pretty much dead middle

“Ignorant people see life as either existence or non-existence,
but wise men see it beyond both existence and non-existence
to something that transcends them both;
this is an observation of the Middle Way.”

Seneca


(Chaple ceiling Museo Delle Cappelle Mediciee ( the De Medici chapel) / Florence, Italy /
Julie Cook / 2018)

For whatever reason, I have always been one who looks up when I go into someplace new.
Especially when traveling and visiting different locations.

When I walk into a massive Cathedral or other historic building…
I have learned that what’s on the ceiling often makes the ceiling more impressive than
what remains at eye level…

And yet so many people miss out as they never bother looking up.

I’ve even been known to look up in elevators wondering why the ceiling is a mirror.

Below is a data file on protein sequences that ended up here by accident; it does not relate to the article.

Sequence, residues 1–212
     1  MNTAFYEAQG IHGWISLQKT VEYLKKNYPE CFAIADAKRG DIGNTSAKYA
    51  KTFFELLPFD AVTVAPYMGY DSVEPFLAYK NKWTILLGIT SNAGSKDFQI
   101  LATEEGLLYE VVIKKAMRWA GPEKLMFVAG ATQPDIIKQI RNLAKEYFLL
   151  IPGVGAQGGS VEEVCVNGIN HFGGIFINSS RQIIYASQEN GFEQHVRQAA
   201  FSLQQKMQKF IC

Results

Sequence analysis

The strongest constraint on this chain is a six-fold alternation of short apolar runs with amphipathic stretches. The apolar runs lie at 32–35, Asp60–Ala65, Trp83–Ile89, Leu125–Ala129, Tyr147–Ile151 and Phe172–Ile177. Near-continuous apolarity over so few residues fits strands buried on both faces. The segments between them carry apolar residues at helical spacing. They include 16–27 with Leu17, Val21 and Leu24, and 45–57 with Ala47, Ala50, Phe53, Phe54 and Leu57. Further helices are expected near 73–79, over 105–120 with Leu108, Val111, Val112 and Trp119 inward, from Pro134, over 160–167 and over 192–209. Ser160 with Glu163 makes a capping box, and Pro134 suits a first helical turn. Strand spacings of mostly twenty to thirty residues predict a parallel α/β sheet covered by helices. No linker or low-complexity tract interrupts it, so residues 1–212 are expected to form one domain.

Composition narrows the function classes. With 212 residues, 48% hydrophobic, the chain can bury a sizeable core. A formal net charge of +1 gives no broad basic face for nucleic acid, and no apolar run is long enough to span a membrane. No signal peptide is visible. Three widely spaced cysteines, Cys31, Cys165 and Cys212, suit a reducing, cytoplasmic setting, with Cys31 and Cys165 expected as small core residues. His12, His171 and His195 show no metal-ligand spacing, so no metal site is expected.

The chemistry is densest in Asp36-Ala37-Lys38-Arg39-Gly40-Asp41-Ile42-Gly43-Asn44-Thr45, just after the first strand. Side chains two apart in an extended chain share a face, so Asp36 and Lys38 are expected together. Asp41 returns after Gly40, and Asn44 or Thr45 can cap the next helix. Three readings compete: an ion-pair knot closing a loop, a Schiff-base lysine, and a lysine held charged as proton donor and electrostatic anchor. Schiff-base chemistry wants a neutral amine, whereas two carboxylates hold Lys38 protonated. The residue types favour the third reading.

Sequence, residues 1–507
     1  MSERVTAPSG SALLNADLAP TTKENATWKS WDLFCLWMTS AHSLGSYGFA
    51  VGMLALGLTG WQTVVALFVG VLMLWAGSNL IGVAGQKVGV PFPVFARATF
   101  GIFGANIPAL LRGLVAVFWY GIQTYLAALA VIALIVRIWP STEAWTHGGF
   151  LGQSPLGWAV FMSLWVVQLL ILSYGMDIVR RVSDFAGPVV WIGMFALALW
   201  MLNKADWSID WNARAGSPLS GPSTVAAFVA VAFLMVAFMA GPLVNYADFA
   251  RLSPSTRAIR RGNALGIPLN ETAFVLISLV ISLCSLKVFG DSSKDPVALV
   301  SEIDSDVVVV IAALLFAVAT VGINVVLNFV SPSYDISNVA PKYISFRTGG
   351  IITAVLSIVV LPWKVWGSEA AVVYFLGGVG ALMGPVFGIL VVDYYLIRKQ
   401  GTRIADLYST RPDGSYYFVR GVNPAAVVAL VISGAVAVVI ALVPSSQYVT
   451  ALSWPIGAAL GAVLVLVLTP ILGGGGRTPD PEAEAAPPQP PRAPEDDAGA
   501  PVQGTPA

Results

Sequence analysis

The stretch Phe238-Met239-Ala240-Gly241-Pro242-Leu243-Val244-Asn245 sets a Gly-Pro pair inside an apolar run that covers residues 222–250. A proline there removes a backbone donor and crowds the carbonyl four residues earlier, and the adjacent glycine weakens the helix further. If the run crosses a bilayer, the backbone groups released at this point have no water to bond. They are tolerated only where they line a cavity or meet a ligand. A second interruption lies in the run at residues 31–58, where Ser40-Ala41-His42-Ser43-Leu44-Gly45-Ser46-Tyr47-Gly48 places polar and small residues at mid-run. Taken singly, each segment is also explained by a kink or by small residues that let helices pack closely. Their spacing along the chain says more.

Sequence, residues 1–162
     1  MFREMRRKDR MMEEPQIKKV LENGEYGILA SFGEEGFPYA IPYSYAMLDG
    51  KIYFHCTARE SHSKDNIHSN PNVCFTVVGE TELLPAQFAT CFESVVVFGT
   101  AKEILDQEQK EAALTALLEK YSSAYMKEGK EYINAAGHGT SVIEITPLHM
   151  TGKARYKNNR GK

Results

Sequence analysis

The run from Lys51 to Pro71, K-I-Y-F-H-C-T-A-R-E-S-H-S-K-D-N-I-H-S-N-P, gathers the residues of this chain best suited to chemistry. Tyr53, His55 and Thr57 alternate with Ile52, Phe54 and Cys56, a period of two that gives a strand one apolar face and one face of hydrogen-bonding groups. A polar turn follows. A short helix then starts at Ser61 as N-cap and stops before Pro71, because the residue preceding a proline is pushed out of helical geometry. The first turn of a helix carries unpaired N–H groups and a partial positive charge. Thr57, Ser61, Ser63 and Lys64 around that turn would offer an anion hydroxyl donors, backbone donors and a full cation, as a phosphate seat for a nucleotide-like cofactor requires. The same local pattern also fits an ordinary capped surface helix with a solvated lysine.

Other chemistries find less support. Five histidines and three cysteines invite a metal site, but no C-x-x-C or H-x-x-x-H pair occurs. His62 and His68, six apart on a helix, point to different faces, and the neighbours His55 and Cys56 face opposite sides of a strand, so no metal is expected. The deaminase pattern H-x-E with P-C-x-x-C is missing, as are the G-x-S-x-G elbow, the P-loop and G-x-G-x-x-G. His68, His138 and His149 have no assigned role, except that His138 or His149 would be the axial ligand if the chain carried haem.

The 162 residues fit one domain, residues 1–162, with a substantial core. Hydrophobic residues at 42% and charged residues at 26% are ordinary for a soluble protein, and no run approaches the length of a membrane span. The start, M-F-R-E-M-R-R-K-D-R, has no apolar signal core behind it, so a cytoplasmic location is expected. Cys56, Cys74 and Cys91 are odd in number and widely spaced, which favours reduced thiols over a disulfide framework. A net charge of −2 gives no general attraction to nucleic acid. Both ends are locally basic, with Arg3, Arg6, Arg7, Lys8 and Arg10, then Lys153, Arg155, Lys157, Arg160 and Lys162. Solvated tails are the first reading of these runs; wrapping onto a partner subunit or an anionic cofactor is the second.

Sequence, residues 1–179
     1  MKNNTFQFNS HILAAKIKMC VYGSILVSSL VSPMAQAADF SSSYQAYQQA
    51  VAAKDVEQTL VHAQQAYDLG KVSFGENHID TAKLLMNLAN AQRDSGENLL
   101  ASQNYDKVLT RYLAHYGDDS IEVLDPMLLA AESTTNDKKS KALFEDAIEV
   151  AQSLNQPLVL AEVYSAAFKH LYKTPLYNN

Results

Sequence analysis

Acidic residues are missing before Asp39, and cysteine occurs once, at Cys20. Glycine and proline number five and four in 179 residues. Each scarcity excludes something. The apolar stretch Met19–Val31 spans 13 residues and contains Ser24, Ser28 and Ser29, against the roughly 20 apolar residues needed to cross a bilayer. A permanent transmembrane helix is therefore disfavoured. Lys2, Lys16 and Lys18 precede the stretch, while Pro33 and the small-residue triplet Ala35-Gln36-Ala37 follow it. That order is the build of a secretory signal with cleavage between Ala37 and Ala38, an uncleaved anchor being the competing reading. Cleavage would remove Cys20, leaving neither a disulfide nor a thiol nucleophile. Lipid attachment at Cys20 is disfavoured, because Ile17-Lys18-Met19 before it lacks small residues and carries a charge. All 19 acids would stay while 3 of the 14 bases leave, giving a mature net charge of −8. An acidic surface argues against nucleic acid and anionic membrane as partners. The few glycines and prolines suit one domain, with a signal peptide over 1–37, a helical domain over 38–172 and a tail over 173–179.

(the elevator to the Luxembourg Parc Hotel in Paris / Julie Cook / 2018)

Early domed temples such as the Roman temple, the Pantheon,
situated in the heart of Rome, whose open oculus continues to capture our imagination,
is an early case in point.

The Pantheon’s opening was not simply left open in order to be some sort of a famous
architectural oddity or simply to allow light to enter into a windowless temple, but was
rather due to the fact that early engineers and builders could not figure out how to actually
enclose such a massive free-standing dome without wooden beam supports..
of which would prevent it from caving in upon itself from the sheer unsupported weight.

Yet the opening was a cool way to follow the sun, follow the time of day,
while watching the rain pour indoors…


(Pantheon oculus / Julie Cook / 2018)

The open niches along the dome’s surface are not only a decorative purpose but rather
work to help solve some of the weight issues.
The decorative openings required less concrete, therefore reducing the weight of the structure.